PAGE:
Resiliency, Self Care, and Joy
Marianne Combs: Welcome to the first episode of Filling the Well, a podcast created to nourish provoke and inspire artists and arts leaders. Over the next five episodes, you’ll hear from creative change-makers who share their takes on how to shift power, build authentic community, share resources and advocate for support. With each episode, you’ll find links to explore these ideas further and to take action in your own community, we’re kicking off the series by talking about resilience, self-care and joy.
Joe Davis: You’re not here by accident, you are here to share the stories of your sacred passage, you are the only you that ever has been, you are not the magician, you are the magic so show up to…
Joi Lewis: We are not meant to stay in trauma mode as a way of living, this is why we practice radical self-care and I tell folks… There’s only two times to practice radical self-care, when you feel like it, and when you don’t… When you feel like it, and when you don’t, [0:01:11.8] ____ then you covered…
Marianne Combs: You just heard from Joe Davis and Dr. Joi Lewis, our guests for this inaugural edition of Filling the Well. I’m your host, Marianne Combs.
There’s no sugar-coating it. The last couple of years have been incredibly hard, whether it’s the toll the pandemic has taken on community health and the economy, or the increasing frequency of brutal hate crimes based on race and religion, or the surge in natural disasters brought about by climate change. We’re all living with varying amounts of fatigue, anxiety and even trauma. Amidst all this upheaval, what are artists and arts leaders to do?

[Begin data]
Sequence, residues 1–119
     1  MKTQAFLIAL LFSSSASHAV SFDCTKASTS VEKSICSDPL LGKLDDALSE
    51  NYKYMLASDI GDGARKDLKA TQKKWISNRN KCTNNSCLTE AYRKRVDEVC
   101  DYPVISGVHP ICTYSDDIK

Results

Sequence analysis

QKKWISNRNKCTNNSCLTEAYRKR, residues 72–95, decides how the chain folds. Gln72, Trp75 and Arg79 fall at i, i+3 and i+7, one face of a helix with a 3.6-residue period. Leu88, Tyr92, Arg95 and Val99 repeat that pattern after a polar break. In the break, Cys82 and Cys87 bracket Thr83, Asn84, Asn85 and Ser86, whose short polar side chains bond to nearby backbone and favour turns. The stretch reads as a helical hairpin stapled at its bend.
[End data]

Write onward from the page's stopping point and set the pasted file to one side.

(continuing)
As a journalist who has covered arts and culture for decades, I’ve seen firsthand how creativity can be an antidote to challenging times. Artists serve as both healers and visionaries for their communities, bringing people together and helping them to imagine better futures. Today, we need this transformational work more than ever, and the arts has been among the sectors hardest hit by the pandemic shutdowns and social distancing.
So our first episode is dedicated to taking care of you, and we’ve brought in two wonderful guests to join us. Dr. Joi Lewis is a radical self-care strategist, mediator, coach and artist-activist who devotes herself to instigating joy and healing healers. She lives in St. Paul, Dr. Joi, welcome.
Joi Lewis: Thank you. Very, very pleased to be here.
Marianne Combs: And Joe Davis is a multi-talented artist and educator who uses music, poetry, theater, and dance to create transformational experiences. He lives in Minneapolis. Joe, thanks so much for being here.
Joe Davis: Hey, Thank you so much Marianne, I’m glad to be here.